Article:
Vulvovaginitis is inflammation of the vulva and the vagina and is often called vaginitis. It is a common condition that nearly one-third of the women population will face at some point in their lifetime. It most commonly occurs in the reproductive years.
There are varying types of vulvovaginitis and causes of its occurrence. This issue occurs when the normal amount of yeast and bacteria in your vagina grows out of balance. The reasons this can happen can include an infection, hormonal changes, or medication use- which is most commonly linked to antibiotics. But this can also happen with contact reactions if something comes in direct contact with your vagina or vulva.
There are three common types of vaginal infections that cause vulvovaginitis. They are:
- Yeast Infection. If your body begins to produce too much of a fungus called C. albicans, or any forms of candida, you will get a yeast infection. While women always have some level of candida in their vagina, an overgrowth will cause symptoms of vaginitis.
- Bacterial Vaginosis. Bacteria lives in all healthy vaginas, but the types present- whether “good” or “bad,” will help to determine the level of bacterial vaginosis infection being experienced. When the bad bacteria outweigh the good, you will most likely need a trip to your doctor.
- Trichomoniasis. This type of vaginitis comes from tiny, one-celled parasites named Trichomonas vaginalis. These germs are most often obtained through sexual activity with someone who is infected. Men can carry this bacterium as well and do not often show visible symptoms. One can also get trichomoniasis via these methods:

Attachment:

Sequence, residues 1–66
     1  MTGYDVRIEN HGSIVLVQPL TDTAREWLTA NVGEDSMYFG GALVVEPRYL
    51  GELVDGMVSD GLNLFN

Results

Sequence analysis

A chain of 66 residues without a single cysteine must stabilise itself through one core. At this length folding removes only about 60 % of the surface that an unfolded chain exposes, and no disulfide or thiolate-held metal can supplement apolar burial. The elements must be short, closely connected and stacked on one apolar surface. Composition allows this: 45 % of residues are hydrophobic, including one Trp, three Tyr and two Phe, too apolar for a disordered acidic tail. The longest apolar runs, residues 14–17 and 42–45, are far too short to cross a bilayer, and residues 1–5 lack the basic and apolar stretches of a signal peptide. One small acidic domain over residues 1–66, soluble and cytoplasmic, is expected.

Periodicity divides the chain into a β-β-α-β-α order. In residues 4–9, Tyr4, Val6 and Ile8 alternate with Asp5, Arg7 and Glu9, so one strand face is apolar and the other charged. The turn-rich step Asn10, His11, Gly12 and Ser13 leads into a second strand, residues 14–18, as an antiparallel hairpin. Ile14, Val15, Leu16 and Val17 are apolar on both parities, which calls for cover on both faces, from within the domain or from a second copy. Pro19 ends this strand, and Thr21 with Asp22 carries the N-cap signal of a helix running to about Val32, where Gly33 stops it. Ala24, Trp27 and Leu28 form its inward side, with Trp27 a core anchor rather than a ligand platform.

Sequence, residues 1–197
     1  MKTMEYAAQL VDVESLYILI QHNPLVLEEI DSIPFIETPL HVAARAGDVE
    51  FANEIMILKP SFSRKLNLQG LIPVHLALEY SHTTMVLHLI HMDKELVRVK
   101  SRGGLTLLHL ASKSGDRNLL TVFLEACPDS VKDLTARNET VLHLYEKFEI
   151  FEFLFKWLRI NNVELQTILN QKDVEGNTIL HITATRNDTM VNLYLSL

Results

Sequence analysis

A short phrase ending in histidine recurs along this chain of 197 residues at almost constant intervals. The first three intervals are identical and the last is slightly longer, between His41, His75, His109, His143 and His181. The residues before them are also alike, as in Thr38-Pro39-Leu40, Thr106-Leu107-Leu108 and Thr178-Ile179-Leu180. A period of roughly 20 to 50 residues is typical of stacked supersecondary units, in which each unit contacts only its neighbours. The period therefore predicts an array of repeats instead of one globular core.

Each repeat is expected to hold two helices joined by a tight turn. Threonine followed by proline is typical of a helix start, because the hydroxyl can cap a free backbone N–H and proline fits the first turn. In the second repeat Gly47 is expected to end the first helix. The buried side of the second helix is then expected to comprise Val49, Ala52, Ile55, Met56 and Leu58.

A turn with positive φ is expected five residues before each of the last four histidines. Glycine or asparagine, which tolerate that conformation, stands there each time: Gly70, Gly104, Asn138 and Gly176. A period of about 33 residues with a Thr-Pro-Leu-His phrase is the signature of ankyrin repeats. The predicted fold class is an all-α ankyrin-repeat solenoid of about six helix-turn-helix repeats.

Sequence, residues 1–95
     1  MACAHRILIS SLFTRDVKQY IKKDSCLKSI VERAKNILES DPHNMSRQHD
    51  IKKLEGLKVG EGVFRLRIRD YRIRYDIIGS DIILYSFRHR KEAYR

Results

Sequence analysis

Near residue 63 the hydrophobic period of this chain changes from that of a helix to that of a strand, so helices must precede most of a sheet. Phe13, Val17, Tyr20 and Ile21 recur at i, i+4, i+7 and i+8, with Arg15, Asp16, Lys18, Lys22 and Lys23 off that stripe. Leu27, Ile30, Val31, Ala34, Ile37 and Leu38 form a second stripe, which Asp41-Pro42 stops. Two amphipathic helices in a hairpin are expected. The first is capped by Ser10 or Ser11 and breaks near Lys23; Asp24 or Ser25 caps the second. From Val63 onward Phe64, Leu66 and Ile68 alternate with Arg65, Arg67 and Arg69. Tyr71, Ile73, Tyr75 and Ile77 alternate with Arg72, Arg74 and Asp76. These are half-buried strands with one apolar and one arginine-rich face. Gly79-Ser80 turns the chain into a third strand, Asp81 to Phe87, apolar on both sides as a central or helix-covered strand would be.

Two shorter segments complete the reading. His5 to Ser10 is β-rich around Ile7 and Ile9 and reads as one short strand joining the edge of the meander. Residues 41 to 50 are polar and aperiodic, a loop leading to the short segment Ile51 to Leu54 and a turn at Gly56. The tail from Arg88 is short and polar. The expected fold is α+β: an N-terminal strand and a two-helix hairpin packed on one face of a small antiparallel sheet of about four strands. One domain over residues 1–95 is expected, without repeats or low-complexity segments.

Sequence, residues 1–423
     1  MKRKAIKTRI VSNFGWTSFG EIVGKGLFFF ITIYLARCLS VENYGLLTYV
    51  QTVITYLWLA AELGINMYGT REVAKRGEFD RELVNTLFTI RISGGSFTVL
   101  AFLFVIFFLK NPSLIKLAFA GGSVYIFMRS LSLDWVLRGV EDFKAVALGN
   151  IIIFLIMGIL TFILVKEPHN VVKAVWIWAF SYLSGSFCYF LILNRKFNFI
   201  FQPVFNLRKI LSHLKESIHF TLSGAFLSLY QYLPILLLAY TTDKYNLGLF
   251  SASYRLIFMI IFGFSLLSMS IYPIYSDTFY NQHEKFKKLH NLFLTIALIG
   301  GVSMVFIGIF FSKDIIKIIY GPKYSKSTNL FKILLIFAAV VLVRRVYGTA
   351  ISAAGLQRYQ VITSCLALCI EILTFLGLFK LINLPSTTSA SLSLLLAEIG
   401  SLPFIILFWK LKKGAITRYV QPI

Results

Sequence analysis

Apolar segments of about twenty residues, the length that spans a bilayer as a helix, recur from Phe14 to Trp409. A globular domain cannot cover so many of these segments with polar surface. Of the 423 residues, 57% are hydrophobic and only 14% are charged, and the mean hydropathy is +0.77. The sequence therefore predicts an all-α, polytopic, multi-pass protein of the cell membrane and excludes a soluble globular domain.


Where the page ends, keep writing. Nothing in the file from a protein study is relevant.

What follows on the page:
- Viruses like herpes and the human papilloma virus (HPV)
- A decrease in hormones, usually around childbirth or menopause
- Sexually transmitted diseases like chlamydia and gonorrhea
- Allergic reactions to lubricants, lotions and detergents.
The Symptoms of Vulvovaginitis
Vulvovaginitis symptoms will depend on the type of vaginitis you are experiencing. It is possible to have more than one type of vaginitis at one time, but most often the symptoms occur on, around and sometimes in the vagina, vulva, and surrounding areas. Some of these symptoms can include:
- Rashes and blisters
- Lumps and bumps
One may also notice these symptoms:
- Pain during intercourse or sexual activity
- Discomfort when urinating
- Light bleeding or spotting
- Discharge and odor
One of the most common symptoms of vaginitis is unusual discharge and can hold the answers for your doctor to determine what caused your issues to begin with. Discharge from the different types of infections is often different colors, textures, and makeups. Yeast infection discharge is often white, odorless, and can be clumpy, much like cottage cheese, where itching is the most common complaint. The discharge from bacterial vaginosis is heavier than normal, but thin and fishy-smelling, and ranges from grey to green in color. Trichomoniasis also has a range of color for the discharge, from yellow to green, but is frothy and odiferous.
For more information about vulvovaginal infections, please read, “Vulvovaginitis: Diagnosis, Treatment and Prevention.